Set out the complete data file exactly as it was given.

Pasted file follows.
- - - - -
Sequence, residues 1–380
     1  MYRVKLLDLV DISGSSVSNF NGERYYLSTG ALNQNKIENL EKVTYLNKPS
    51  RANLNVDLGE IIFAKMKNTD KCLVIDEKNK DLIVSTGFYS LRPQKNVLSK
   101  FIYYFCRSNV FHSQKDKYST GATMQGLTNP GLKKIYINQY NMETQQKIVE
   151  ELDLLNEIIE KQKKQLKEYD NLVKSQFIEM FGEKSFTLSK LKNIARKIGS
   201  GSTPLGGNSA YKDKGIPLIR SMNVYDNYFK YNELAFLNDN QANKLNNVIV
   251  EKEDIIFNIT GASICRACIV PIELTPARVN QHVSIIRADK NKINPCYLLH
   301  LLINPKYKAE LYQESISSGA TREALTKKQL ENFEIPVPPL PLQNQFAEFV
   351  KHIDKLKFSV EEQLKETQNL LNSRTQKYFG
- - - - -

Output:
Sequence, residues 1–380
     1  MYRVKLLDLV DISGSSVSNF NGERYYLSTG ALNQNKIENL EKVTYLNKPS
    51  RANLNVDLGE IIFAKMKNTD KCLVIDEKNK DLIVSTGFYS LRPQKNVLSK
   101  FIYYFCRSNV FHSQKDKYST GATMQGLTNP GLKKIYINQY NMETQQKIVE
   151  ELDLLNEIIE KQKKQLKEYD NLVKSQFIEM FGEKSFTLSK LKNIARKIGS
   201  GSTPLGGNSA YKDKGIPLIR SMNVYDNYFK YNELAFLNDN QANKLNNVIV
   251  EKEDIIFNIT GASICRACIV PIELTPARVN QHVSIIRADK NKINPCYLLH
   301  LLINPKYKAE LYQESISSGA TREALTKKQL ENFEIPVPPL PLQNQFAEFV
   351  KHIDKLKFSV EEQLKETQNL LNSRTQKYFG